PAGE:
Official and individual events are under way across the US to remember the day when four hijacked airliners were flown into sites in New York, Virginia and Pennsylvania.
US President Barack Obama is leading tributes to the nearly 3,000 people killed in the attacks eight years ago.
He met relatives of those killed in the attacks after paying tribute to the victims in a speech at the Pentagon.
President Obama said: 'No turning of the seasons can diminish the pain and the loss of that day.
'No passage of time, no dark skies can ever dull the meaning of this moment.
'In the defence of our nation we will never waver, in pursuit of Al-Qaeda and its extremist allies we will never falter.'
Earlier, he led a moment's silence at 8.46am (1.46pm Irish time), the exact time that the first hijacked plane hit the north tower at the World Trade Center.
US Vice President Joe Biden attended the commemorative events in New York.
At the site where the towers once stood, relatives of those killed joined volunteers from across New York City to read the names of the victims.
The public reading was paused four times to mark the moments when American Airlines Flight 11 and United Airlines Flight 175 hit the buildings, and the moments when the two towers collapsed.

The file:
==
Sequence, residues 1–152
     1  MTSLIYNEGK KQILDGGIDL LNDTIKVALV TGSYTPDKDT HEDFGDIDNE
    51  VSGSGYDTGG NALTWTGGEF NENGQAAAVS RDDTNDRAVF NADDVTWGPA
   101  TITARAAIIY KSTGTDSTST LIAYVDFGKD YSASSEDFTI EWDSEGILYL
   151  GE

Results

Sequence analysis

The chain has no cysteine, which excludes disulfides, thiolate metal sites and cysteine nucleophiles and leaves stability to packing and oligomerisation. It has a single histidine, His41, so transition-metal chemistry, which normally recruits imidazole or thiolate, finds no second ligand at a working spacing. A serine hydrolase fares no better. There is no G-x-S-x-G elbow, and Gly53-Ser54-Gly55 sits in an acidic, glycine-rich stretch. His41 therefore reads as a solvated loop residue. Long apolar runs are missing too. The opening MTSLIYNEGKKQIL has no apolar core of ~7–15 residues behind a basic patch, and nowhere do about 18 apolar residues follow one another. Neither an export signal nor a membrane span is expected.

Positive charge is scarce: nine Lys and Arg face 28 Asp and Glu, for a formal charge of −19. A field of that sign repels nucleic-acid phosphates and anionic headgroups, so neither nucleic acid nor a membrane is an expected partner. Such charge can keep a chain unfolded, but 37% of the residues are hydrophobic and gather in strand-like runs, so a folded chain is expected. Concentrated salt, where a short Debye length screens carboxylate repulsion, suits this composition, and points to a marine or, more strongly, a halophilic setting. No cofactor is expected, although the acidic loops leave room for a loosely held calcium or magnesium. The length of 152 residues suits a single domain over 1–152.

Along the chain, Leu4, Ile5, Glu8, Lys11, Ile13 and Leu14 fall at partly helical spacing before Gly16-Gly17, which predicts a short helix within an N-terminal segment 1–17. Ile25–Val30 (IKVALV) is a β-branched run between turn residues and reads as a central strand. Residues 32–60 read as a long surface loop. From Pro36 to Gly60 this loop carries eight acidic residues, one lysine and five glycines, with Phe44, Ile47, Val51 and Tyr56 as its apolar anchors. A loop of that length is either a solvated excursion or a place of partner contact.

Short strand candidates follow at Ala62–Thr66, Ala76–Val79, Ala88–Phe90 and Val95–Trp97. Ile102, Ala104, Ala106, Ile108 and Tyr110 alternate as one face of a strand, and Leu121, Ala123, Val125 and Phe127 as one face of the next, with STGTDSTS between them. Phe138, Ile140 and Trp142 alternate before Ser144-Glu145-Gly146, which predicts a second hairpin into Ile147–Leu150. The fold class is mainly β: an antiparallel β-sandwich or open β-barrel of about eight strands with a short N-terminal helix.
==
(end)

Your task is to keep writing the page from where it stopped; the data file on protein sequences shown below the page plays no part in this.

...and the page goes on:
At nightfall, two beams of light will shoot skyward from the site.
A ceremony was also held in a Pennsylvania field where a fourth plane (United Airlines 93) crashed short of its target.
A US Coast Guard training exercise set off a security scare in Washington's Potomac River this afternoon.
Police and federal law enforcement officials said the incident was actually a training exercise.
It prompted reports that shots had been fired at a boat in the river near the Pentagon.
President Obama and Defence Secretary Robert Gates had been attending a ceremony at the Pentagon, south of the city on the Virginia side of the river.
'They're in a training exercise and we didn't know it. Somebody reported that they had shot at somebody. That was part of the training exercise,' said Mike Libby of the US Park Police.
A FBI official later confirmed that no shots had been fired.